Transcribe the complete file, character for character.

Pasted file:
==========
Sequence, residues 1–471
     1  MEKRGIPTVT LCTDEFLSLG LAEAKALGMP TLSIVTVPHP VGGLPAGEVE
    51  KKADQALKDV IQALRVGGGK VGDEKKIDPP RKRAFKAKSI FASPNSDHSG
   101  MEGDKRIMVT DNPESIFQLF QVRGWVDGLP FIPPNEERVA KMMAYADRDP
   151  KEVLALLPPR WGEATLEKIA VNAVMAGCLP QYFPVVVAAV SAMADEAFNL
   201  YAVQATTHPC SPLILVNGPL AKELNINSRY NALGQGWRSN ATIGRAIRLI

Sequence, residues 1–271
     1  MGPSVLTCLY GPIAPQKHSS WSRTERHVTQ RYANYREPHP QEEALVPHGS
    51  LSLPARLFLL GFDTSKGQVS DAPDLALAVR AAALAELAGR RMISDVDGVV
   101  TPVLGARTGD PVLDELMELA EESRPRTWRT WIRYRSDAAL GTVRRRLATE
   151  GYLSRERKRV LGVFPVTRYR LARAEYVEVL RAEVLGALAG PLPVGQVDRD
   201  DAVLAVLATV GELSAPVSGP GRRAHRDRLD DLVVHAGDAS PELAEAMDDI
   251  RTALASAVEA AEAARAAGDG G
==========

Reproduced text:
Sequence, residues 1–471
     1  MEKRGIPTVT LCTDEFLSLG LAEAKALGMP TLSIVTVPHP VGGLPAGEVE
    51  KKADQALKDV IQALRVGGGK VGDEKKIDPP RKRAFKAKSI FASPNSDHSG
   101  MEGDKRIMVT DNPESIFQLF QVRGWVDGLP FIPPNEERVA KMMAYADRDP
   151  KEVLALLPPR WGEATLEKIA VNAVMAGCLP QYFPVVVAAV SAMADEAFNL
   201  YAVQATTHPC SPLILVNGPL AKELNINSRY NALGQGWRSN ATIGRAIRLI

Sequence, residues 1–271
     1  MGPSVLTCLY GPIAPQKHSS WSRTERHVTQ RYANYREPHP QEEALVPHGS
    51  LSLPARLFLL GFDTSKGQVS DAPDLALAVR AAALAELAGR RMISDVDGVV
   101  TPVLGARTGD PVLDELMELA EESRPRTWRT WIRYRSDAAL GTVRRRLATE
   151  GYLSRERKRV LGVFPVTRYR LARAEYVEVL RAEVLGALAG PLPVGQVDRD
   201  DAVLAVLATV GELSAPVSGP GRRAHRDRLD DLVVHAGDAS PELAEAMDDI
   251  RTALASAVEA AEAARAAGDG G